In our interview, we’re discussing the difference between long term memory and working memory, and sharing how understanding these systems in our minds can help us become better learners. We’re also chatting about the importance of practice and how you can get kids to actually do it! In addition, we’re breaking down misconceptions about procrastination and how to motivate a teen who’s more interested in video games than cracking open the books.

Why Memory Matters

When we think about the role memory plays in academics, we typically think about memorizing enough material to pass a test or give a presentation. But what about the memory we need to complete a word problem in just a few minutes? Or to quickly recite a phone number? In the episode, Barbara defines the difference between the two distinct types of memory: long term memory and working memory.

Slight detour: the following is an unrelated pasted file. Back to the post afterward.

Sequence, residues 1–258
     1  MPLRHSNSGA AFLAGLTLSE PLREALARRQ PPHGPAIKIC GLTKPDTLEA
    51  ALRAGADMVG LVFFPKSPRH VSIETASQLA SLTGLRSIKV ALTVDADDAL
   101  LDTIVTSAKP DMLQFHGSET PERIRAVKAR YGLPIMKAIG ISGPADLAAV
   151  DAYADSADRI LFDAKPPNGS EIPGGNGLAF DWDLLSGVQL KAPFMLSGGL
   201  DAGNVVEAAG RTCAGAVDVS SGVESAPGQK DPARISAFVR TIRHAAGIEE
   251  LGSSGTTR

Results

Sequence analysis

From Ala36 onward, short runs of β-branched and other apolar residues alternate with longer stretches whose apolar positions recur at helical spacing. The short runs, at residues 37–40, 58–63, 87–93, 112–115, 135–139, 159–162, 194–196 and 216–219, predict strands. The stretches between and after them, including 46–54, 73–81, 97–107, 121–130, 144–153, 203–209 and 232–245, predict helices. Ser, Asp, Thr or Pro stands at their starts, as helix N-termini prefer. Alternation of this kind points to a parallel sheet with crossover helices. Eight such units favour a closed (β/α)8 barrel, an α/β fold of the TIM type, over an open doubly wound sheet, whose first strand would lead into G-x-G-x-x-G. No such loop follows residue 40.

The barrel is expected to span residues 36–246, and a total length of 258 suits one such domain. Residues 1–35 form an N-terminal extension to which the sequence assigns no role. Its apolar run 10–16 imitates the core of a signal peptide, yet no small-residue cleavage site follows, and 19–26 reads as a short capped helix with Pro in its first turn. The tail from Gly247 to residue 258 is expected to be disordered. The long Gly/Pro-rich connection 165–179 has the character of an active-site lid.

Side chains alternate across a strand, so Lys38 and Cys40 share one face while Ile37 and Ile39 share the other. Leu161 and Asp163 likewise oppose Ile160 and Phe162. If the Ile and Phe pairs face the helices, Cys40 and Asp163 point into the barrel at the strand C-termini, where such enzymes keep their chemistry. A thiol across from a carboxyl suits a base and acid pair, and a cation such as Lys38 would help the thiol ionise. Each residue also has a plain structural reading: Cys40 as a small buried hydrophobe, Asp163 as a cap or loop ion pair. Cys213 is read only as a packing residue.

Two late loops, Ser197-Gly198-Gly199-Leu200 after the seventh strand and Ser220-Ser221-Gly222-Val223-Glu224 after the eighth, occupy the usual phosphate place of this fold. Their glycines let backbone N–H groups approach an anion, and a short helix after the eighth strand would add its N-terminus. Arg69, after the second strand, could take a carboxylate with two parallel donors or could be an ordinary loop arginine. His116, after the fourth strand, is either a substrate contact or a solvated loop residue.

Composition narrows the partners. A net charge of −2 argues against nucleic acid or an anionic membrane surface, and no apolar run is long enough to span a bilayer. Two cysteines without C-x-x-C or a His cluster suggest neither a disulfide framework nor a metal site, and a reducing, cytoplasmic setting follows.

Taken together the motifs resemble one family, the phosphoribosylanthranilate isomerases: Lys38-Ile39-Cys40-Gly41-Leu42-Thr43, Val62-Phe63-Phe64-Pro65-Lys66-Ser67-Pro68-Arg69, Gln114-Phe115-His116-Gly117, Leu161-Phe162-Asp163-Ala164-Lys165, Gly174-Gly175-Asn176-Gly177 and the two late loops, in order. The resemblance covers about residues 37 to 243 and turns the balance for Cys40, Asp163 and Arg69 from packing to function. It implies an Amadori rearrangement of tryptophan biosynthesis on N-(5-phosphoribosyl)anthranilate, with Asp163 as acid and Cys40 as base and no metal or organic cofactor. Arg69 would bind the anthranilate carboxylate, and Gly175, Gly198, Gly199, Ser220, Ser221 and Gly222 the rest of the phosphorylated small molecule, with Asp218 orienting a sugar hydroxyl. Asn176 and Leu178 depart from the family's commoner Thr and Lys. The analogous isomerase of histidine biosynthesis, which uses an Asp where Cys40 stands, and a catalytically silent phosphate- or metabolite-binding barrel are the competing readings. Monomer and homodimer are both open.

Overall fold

Long term memory is the stuff we recall, well, long term! This includes everything from remembering how to speak English to being able to get home without a GPS. Different but equally important is working memory, or how much information we can store and manipulate over a short period. For example, when we’re working on an equation, we've got to hold the numbers in our head long enough to finish it. This is where our working memory comes in. Without this function of our mind, we wouldn’t be able to make it through the day!